Wednesday, June 17, 2009

Corporate Incompetence

Living halfway around the world from the American scene does not guarantee immunity from frustrations resulting from the staggering incompetence of corporations based in the home country. Two exemplary examples of corporate idiocy recently experienced by expats living in Thailand are Verizon and Bank of America. I sincerely wonder if corporate protocols for hiring of persons working in customer service are intended to recruit morons whose sole "raison d’etre" is to offer nonsensical replies to inquiries that are being made at the cost of overseas calls.

For several months I attempted to correspond with Verizon due to their decision to stop allowing me to pay a bill online. The decision was never explained, so I reverted to sending a check after receiving the bill each month. I noticed that when the bill arrived, it was always after the due date, which of course incurred a late fee tacked onto the next invoice. To correct the error-laden address that they were using, including the omission of the name of the destination country, I sent the correct information, accompanied by personal letters along with the monthly payments. The address was never changed, and yet the invoices miraculously arrived at my house in “Bakgnonk” (Remember, no country) about three weeks after being posted. I credit the delivery to clever postal employees in both countries who are likely as intelligent as the Verizon representatives are dim. After several months of dealing with the pride of Verizon, I sent a cancellation payment with an explanation. To date, I still receive invoices, sent to the apparently unchangeable address that they have chosen to enter permanently into their database.

The experience with Bank of America is similar, but these geniuses have chosen the “Let me transfer you” method of dealing with a customer’s problem, which they have not been properly trained to solve. Last night, as we tried to explain why the address in their database needed to be changed, we were transferred no less than nine times, and this was after the new information had been entered. Apparently, the standard three-line address space was insufficient for entering overseas information. What they absolutely could not understand how to do was look up the information associated with an overseas resident American citizen holding a U.S. credit card, and connect it to their rewards program. All we wanted was information about how to use the rewards! After a full half hour of being put on hold and transferred between representatives, there was the sudden and aggravating click of a disconnected line: The ultimate problem-solving pass-the-buck technique, exhibited so well by B of A. I could imagine the representatives at corporate headquarters staring dumbly at their screens, unable to process the information, before sending the hapless customer on to another zombie.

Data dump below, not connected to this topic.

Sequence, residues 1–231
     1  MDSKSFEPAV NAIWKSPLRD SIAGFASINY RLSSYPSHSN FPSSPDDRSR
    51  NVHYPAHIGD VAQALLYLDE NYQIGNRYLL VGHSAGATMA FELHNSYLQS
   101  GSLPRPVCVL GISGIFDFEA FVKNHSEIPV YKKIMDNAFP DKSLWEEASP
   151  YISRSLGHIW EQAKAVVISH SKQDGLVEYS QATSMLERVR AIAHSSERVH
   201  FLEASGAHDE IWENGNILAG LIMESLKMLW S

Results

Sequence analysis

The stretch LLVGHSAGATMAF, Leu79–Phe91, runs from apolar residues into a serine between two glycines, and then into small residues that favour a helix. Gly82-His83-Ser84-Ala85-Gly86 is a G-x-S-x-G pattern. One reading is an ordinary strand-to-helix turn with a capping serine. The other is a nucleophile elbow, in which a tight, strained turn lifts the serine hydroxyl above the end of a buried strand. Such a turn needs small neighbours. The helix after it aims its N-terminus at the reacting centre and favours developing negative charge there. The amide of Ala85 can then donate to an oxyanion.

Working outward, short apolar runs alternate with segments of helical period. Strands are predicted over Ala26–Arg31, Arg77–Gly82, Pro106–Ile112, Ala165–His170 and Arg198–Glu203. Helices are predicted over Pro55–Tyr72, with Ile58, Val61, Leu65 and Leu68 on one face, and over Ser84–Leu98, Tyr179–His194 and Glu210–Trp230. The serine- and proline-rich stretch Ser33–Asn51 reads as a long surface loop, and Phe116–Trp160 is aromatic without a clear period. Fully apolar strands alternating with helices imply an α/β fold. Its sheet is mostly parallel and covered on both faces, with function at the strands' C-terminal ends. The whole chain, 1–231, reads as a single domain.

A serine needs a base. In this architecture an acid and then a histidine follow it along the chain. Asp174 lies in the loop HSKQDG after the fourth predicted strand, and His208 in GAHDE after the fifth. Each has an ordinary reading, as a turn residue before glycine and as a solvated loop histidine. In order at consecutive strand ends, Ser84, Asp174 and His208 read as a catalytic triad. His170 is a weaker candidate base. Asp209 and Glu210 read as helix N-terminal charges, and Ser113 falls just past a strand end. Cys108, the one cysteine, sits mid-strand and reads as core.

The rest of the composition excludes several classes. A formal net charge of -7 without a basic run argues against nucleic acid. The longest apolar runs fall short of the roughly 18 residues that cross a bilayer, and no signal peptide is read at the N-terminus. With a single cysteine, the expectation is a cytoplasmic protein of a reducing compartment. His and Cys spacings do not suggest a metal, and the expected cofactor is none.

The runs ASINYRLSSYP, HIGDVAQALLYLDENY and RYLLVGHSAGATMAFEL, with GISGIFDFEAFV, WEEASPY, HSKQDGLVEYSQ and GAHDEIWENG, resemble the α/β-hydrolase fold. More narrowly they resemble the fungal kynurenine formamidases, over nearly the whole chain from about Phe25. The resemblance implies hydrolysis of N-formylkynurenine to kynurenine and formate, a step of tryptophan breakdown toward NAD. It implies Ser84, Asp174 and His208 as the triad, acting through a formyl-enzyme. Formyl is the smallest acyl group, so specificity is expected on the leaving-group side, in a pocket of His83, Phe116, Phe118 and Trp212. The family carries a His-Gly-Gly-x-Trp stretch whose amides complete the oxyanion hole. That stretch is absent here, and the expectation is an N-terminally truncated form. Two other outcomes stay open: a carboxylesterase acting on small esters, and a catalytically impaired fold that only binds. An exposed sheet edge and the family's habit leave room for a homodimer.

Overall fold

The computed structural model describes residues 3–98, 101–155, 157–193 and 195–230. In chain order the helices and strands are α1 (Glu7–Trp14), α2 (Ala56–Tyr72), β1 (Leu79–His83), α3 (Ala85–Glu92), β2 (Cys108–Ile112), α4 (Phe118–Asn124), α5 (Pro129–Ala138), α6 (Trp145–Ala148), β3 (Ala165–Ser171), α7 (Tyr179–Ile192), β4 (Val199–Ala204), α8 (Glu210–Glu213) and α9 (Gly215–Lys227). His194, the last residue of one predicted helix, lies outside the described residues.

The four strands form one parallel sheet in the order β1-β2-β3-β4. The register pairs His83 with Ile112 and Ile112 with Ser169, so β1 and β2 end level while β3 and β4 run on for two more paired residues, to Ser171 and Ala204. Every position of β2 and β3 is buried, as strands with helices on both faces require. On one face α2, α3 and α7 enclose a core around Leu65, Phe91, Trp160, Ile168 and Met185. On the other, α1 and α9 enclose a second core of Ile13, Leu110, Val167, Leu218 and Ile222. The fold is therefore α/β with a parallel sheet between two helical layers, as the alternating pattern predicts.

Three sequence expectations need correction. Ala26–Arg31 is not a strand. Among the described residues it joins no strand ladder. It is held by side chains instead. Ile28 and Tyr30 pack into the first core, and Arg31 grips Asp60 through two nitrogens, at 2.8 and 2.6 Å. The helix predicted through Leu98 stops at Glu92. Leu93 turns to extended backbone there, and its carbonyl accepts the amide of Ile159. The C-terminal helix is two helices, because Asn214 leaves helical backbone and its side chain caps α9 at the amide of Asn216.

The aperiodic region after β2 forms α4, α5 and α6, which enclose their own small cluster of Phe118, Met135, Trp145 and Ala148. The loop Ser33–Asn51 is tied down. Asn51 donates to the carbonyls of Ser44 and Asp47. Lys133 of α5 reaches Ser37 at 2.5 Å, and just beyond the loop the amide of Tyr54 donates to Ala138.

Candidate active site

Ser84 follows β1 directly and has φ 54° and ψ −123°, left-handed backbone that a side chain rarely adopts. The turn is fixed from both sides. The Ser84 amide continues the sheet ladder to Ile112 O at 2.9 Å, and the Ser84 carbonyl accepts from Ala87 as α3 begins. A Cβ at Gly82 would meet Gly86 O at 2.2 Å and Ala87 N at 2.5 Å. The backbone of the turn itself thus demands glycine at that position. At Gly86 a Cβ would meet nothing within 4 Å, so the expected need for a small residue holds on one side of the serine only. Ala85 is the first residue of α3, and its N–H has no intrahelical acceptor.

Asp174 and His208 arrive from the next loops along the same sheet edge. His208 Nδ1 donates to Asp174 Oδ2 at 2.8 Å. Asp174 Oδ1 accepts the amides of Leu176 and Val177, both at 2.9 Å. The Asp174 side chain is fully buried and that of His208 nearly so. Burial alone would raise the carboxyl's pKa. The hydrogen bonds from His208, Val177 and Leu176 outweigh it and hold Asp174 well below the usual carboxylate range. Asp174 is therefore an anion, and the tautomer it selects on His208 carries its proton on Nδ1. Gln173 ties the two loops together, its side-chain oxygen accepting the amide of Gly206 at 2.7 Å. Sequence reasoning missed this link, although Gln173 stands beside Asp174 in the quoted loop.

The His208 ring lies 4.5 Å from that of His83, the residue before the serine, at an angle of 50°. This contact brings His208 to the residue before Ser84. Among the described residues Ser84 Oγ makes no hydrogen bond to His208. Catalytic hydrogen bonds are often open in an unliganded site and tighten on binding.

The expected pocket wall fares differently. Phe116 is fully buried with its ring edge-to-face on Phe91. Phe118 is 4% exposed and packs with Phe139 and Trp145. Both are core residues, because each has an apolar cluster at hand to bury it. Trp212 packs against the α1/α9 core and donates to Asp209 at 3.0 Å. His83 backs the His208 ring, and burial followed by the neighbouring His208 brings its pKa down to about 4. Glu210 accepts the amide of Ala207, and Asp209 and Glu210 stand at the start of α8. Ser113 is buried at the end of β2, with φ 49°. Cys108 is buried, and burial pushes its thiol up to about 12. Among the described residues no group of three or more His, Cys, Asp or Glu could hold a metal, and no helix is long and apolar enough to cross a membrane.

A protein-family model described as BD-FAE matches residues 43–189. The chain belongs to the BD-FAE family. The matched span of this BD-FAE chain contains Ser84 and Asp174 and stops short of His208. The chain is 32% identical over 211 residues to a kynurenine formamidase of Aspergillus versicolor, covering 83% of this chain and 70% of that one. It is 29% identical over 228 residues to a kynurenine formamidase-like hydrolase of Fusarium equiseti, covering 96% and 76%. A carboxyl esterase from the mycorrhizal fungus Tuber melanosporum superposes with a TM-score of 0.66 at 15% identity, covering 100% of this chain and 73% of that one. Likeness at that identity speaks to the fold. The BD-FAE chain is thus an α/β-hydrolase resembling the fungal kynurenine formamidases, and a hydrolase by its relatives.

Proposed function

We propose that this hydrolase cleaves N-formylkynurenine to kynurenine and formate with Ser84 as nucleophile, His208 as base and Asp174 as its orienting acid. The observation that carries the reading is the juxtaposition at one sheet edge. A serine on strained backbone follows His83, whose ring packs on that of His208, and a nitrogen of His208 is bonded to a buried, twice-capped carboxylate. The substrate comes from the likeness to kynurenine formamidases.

It is little wonder that huge corporations cannot solve the small problems. The front lines are manned by bottom-line fodder who are good at clicking on established links, but have little or no problem-solving skills. It is after experiences like these that one better understands why so many corporations fail. What is amazing is that they can exist at all.

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